I came across this article explaining that more and more states are considering banning the practice of employers running credit checks on applicants--and I, for one, am all for such a ban. Job hunting in and of itself can be a demoralizing activity where rejection seems to outdistance approval by a good three or four miles.
While I understand the theory behind the practice, to me it seems just another way to take some of the responsibility off the person doing the hiring, and placing it more on the system. A way not to take the blame, because you never have to take a stand. In many ways it mirrors the zero tolerance policies in many schools that send elementary kids out in handcuffs for writing on a desk or home with a week's suspension because mom packed a butter knife in the lunchbox.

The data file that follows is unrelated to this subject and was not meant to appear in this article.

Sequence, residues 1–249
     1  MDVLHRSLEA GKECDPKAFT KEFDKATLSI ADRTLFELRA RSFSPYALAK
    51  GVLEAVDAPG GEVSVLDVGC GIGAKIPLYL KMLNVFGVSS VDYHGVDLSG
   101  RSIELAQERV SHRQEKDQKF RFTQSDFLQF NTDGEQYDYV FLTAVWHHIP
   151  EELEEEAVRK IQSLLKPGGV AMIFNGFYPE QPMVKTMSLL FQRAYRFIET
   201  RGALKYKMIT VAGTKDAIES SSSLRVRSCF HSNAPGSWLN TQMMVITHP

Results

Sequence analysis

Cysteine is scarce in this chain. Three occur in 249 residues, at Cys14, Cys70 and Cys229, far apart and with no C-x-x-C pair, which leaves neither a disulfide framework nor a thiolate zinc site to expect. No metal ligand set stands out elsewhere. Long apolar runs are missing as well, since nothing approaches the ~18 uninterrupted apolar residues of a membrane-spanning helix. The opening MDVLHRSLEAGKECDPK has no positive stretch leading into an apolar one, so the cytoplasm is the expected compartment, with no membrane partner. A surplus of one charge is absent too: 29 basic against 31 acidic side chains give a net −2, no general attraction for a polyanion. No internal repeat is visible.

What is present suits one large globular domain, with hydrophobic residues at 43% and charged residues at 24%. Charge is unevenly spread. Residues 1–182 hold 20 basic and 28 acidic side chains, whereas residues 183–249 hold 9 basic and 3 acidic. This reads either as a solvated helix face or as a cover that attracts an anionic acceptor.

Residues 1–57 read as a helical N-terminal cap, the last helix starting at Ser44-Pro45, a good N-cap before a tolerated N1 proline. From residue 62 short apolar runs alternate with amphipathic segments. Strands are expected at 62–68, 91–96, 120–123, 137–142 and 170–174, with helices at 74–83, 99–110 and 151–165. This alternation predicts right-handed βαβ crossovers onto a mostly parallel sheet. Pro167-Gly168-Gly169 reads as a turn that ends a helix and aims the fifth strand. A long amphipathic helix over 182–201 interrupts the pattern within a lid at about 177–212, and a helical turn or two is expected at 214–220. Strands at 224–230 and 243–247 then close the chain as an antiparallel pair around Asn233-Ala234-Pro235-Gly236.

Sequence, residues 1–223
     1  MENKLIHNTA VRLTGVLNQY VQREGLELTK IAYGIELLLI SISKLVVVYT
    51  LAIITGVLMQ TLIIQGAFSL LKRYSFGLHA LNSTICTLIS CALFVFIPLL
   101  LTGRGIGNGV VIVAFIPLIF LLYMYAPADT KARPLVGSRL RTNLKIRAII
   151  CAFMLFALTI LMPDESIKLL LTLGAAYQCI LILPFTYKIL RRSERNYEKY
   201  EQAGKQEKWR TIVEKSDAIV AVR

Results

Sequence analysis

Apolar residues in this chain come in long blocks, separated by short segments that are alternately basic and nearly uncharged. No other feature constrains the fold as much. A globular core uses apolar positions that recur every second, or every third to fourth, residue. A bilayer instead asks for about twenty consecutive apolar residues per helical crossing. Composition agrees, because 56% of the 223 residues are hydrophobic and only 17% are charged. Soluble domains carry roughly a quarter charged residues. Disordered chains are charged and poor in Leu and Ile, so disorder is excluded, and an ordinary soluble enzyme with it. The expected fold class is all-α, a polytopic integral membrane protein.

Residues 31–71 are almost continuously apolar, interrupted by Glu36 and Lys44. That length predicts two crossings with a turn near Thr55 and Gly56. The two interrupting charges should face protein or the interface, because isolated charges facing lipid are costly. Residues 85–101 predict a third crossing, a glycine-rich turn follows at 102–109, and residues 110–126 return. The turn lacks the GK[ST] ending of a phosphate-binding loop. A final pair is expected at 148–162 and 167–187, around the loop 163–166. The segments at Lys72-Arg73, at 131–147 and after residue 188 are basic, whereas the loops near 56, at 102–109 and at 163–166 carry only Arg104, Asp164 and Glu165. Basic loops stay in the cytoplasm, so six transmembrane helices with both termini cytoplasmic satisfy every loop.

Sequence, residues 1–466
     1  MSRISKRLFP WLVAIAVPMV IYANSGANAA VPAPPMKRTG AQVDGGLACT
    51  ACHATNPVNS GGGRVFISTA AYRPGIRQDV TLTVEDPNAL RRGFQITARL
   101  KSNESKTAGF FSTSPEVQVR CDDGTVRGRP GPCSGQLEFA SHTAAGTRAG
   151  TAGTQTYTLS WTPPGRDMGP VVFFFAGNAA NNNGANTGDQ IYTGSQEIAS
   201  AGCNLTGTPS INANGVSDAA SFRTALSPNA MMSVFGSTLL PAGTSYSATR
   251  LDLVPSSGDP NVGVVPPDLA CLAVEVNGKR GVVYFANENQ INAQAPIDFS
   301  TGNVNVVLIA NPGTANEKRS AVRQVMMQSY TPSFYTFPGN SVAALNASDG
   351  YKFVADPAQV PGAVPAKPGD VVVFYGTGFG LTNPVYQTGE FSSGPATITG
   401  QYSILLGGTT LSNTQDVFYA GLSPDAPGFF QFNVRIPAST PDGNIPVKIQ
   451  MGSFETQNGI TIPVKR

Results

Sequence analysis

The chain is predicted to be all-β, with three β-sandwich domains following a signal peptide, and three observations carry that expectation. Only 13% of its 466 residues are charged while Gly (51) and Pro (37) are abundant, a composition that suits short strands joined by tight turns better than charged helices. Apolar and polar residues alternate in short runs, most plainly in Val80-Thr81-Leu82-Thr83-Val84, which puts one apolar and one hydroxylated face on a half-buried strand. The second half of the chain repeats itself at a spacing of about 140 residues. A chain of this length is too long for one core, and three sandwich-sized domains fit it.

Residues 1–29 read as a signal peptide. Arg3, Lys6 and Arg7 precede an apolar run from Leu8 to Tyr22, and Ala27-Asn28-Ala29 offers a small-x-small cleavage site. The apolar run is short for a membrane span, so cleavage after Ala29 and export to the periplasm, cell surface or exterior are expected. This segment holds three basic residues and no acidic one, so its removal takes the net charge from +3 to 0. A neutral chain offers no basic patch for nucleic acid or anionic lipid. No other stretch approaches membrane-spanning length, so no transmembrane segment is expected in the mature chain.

Not actually doing any hiring may make my stance a little easier, but it doesn't seem right to deny a person a second chance--weather they've blown up their social standing or simply bounced a few checks and paid some bills late during some lean times.
States May Ban Credit Checks on Job Applicants (USA Today)
It's hard enough to find a job in this economy, and now some people are facing another hurdle: Potential employers are holding their credit histories against them.
Sixty percent of employers recently surveyed by the Society for Human Resources Management said they run credit checks on at least some job applicants, compared with 42 percent in a somewhat similar survey in 2006.